Naming objects consistently, logically and in a predictable way will distinguish similar records from one another at a glance, and by doing so will facilitate the storage and retrieval of records, which will enable users to browse clinical objects more effectively and efficiently. Naming records according to agreed conventions should also make object naming easier for colleagues because they will not have to ‘re-think’ the process each time.

It has been said that InForm follows the “Hungarian” notation because it is one of Microsoft’s “Best Practices” for .Net standards when defining objects (the code to support those objects use it).

Component Prefix
Form (e.g., frmDemo…) frm
Section sct
Itemset its
Radio Control rdc
Item itm
Pulldown Control pdc
Text box txt
Date and time dtm
Group Control grp
Checkbox chk
Calculated Control cal
Simples smp
Study Element elm
Codelist cl
Study Event evt
Codelist Item citm
Workflow Rule wr
Global Conditions gc
Data Entry Rules (e.g., rulDMConsDTCompare) rul
DataType Prefix
Boolean bln
Byte byt
Character chr
Date dtm
Decimal dec
Double Precision dbl
Integer int
Long Integer lng
Object obj
Short Integer sht
Single Precision sng
String str
User-defined Type udt
Object Prefix
Button btn
CheckBox chk
ComboBox cbo
Control ctr
DataSet ds
DataTable dt
Form frm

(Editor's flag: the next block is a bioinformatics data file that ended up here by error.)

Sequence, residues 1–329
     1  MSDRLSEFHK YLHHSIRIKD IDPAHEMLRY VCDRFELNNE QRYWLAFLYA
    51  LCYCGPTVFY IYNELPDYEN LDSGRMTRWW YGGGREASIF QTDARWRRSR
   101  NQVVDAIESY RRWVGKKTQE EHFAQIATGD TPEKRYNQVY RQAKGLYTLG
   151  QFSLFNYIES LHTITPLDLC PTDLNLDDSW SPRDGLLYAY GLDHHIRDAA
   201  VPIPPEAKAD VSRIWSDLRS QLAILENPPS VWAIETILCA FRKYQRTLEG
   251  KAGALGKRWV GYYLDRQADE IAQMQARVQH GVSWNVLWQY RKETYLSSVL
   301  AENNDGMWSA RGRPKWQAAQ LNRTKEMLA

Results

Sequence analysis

GroupBox grp
Label lbl
ListBox lst
PictureBox pic
RadioButton rdb
String str
TextBox txt

Remember keep it consistent. This means that you stick to one particular pattern through out your clinical project. This also includes the words you use for namespaces, classes, methods, interfaces, properties and variables. A prerequisite is that they should be meaningful, significant, descriptive and easily understood with respect to purpose and functionality by anyone who reads the source code.

Happy Programming!


Anayansi Gamboa has an extensive background in clinical data management as well as experience with different EDC systems including Oracle InForm, InForm Architect, Central Designer, CIS, Clintrial, Medidata Rave, Central Coding, OpenClinica Open Source and Oracle Clinical.

The Next Best Thing – Timaeus Trial Builder?

First of all, let me clarify by saying that I am not an expert when it comes to Timaeus. I recently came across this EDC tool while working on a project. We were testing out different EDC applications as part of their new infrastructure solution.

At first, I was hesitant to learn about it. All I knew was that you need it to know ‘Python’. The main programming language for their edit checks/validations and back-end structure but after my first encounter with the tool, I changed my mind. This is one of the easiest tool to use and deploy your clinical study you can find in the market, nowadays.

With that being said, What is Timaeus? This another EDC tool, trial builder application provided by Cmed Technology www.cmedresearch.com which helps build eCRF (data entry screens), edit checks/validations, external loading data and other config files.

In order to grasp this new tool, you will need to familiarize yourself with other technologies such as HTML, XML, Emacs, SVN, Python and the like and understand the TMPL element concept.

TMPL stands for “Timaeus Markup Language”. It has a bit of pieces of codes similar to what you see in HTML or XML files.

Even though the system is lacking of front-end features we are so used to in comparison with similar EDC solutions, nevertheless, this tool gets my thumps up for ease of use, cost-effectiveness, change control capabilities and one of the most robust security systems to capture electronic records as per CFR11 regulations.